Appreciation is a key to the success of all teams under the Sun, be it a family, a housing society, a charity, a school, a corporate team, a project team, or any other team of people working towards a common goal! Appreciation acts as a big motivator to successful performance for most people. But for now, let’s focus on understanding the role of employee appreciation in an organizational context.
The COVID-19 pandemic created a huge disruption in the way businesses operate. All teams right from the client-facing to project support and managing the back-office adapted to the revolutionary model of remote and hybrid working to ensure the business continuity. Teams started relying on technology and working in silos. The pandemic accelerated the pace of digital transformation out of necessity.
As a result of this radical shift to working from home, the employees got disconnected from their peers and managers. The spontaneous ways of showing appreciation for good work, achieving KPIs, or going beyond and above expectations to help a colleague or a customer got curtailed. The element of planning to show appreciation got highlighted in the new normal hybrid work culture.
When employees feel appreciated and recognized for their contribution and achievements, both the organization and the employees tend to benefit. Team leaders and managers can engage better and in a meaningful way with their teams by sharing positive feedback and appreciating even small successes.
Research has shown that employees value appreciation from their peers and leaders and getting appreciated for their efforts and achievements goes a long way to retain them and improve organizational success.
Team leaders and managers need to understand that only good compensation cannot keep their teams motivated. Also only giving feedback when something goes wrong will not help improve team performance. In a hybrid work environment where the managers cannot see and meet their teams in person all the time, they should give more weightage to getting to use appreciation sessions, emails, social media posts, and meetings to keep their employees engaged.
Improved job satisfaction, better stress management by employees, improved productivity, improved team dynamics, effective employee engagement, improved customer delivery, and better quality of life for leaders and managers are all the results of the culture of appreciation.
Appreciation need not be only top down. Leaders need to set up and facilitate a 360-degree employee appreciation framework. When the teams are cross-functional, all team members can appreciate their peers, managers, and subordinates.
People have a natural need to feel appreciated, but it is also seen that people become insecure if they have to appreciate others. This is especially difficult in a formal corporate setting.
Therefore, it becomes important for the leaders, managers, and the HR teams to take responsibility for encouraging their team members to express appreciation without getting worried about any competitive jealousy.
Training employees on the organizational vision and values and incorporating the ‘appreciation culture’ in the employee appraisals can be a good start to bringing the cultural shift.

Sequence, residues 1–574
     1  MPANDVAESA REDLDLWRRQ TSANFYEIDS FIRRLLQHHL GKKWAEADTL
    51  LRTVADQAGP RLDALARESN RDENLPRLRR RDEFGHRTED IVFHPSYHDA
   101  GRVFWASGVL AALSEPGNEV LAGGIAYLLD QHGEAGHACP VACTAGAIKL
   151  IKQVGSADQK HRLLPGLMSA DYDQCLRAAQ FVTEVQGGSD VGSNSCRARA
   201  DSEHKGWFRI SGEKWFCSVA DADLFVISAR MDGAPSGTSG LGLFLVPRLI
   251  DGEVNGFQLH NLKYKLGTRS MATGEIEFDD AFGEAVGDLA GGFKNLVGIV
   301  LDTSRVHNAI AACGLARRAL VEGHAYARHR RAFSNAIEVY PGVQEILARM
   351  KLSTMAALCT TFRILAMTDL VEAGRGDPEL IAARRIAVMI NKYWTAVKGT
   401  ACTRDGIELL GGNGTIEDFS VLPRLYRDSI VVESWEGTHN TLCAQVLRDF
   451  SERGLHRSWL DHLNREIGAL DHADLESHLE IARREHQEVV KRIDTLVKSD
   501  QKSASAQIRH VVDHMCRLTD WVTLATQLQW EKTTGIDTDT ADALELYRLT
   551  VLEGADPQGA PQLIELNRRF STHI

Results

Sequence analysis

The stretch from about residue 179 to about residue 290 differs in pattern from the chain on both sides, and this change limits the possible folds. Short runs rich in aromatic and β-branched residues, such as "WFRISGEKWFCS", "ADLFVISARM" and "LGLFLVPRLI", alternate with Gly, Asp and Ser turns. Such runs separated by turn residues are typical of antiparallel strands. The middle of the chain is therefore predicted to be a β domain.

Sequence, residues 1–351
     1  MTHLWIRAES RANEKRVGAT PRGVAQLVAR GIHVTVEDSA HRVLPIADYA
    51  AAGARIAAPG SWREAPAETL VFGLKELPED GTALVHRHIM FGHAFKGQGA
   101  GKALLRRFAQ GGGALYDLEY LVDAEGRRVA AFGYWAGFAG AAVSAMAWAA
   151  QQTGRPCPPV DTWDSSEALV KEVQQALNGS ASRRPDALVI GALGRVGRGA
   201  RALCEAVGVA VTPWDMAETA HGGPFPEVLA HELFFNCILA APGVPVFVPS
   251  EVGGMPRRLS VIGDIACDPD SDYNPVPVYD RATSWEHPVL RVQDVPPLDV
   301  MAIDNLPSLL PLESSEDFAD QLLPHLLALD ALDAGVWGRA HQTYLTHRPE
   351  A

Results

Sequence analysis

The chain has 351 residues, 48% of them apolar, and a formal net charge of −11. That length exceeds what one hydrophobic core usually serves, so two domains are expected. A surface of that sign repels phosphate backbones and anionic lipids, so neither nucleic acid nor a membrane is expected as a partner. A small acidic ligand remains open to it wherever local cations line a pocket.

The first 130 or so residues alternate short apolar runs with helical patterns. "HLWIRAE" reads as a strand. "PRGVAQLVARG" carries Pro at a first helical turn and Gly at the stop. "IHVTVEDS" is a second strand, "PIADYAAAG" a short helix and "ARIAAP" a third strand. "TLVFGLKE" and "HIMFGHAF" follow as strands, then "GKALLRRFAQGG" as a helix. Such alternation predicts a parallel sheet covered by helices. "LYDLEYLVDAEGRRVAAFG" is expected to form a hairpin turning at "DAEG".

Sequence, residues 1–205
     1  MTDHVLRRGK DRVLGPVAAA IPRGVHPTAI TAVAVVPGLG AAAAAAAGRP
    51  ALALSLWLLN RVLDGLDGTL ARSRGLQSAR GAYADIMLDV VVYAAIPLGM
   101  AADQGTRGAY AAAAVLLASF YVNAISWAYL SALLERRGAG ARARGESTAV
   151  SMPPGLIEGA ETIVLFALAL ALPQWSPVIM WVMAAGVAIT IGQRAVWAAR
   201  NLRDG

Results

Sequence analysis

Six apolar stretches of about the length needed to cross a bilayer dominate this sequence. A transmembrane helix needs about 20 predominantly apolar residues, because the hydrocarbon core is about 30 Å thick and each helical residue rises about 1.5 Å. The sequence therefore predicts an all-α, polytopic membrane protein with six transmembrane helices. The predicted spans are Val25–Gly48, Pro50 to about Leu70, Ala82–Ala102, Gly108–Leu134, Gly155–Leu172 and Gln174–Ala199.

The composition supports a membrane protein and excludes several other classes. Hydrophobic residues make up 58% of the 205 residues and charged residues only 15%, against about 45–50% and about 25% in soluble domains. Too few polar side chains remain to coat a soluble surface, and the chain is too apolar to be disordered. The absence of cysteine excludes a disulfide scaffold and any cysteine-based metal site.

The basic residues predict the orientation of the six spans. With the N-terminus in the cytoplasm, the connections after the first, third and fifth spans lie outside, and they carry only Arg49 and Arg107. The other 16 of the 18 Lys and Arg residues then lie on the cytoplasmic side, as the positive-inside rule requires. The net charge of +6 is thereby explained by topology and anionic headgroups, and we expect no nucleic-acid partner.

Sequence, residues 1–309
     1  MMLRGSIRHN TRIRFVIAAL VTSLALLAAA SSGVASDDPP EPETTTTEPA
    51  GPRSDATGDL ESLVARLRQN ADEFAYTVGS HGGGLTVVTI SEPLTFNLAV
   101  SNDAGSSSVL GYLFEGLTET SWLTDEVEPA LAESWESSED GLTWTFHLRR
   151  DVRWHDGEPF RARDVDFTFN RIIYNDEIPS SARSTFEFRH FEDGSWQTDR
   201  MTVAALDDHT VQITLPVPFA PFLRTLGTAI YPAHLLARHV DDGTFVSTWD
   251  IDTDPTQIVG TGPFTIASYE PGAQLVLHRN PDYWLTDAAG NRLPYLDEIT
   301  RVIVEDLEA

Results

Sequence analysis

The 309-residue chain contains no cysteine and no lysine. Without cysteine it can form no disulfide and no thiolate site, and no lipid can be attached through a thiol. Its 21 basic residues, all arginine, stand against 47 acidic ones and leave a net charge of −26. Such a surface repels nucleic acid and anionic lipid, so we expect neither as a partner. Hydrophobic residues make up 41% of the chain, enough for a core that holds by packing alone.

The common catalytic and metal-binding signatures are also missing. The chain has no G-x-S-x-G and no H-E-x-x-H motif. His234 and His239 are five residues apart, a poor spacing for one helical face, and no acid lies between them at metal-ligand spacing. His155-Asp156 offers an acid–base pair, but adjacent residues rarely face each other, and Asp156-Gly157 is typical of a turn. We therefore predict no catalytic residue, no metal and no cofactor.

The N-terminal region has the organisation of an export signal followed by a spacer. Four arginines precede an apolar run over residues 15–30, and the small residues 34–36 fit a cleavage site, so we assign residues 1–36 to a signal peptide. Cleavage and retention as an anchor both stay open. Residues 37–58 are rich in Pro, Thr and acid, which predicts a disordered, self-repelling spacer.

Every organization has a set of vision and values that define its organizational culture and identity. Employee appreciation can be used as a feedback mechanism to ensure the protection of this very corporate identity.
Adapting the concept of servant leadership can also help bridge the gap between the top management and the teams and create an open feedback system where the employees feel safe and share both positive and negative feedback about other teams.
Mere intent of showing appreciation towards employee behavior or achievement is not enough. Here are three critical factors for the successful implementation of the Employee Appreciation initiative.
Understand the profile of your team. Millennials are now in the leadership roles and Gen Z entering the workforce. These generations prefer purpose-driven work. They are more inclined to trust employees to work from anywhere as long as they deliver as planned.
They also are more open to feedback from peers, value appreciation from peers, and are confident to give good praise to their subordinates and managers. So, HR leaders need to facilitate relevant channels of appreciation.
Each organization has its own cultural identity. For example, a startup may be functioning in a more flexible, spontaneous manner as compared to a larger and more established multinational corporation. So, employee appreciation can complement the organizational culture.
The decision to share and communicate the appreciation towards team members or team or the department can be done in the common employee meetings or on a personal level. The immediate managers can choose the appropriate platform to share appreciation.
Traditionally, HR teams used many creative ways to show employee appreciation. But with the changing office structures and remote or hybrid working teams, are these ways still useful?
Let us explore some of the creative ways which HR teams and managers can use to show employee appreciation in the new normal hybrid working where some team members work from remote places and the others work from the office.
At Verinite, we believe that appreciation is essential in the workplace, and it doesn’t have to be complicated. A simple pat on the back, a genuine thank you, or a thoughtful email – these simple and genuine expressions inspire us and keep us motivated.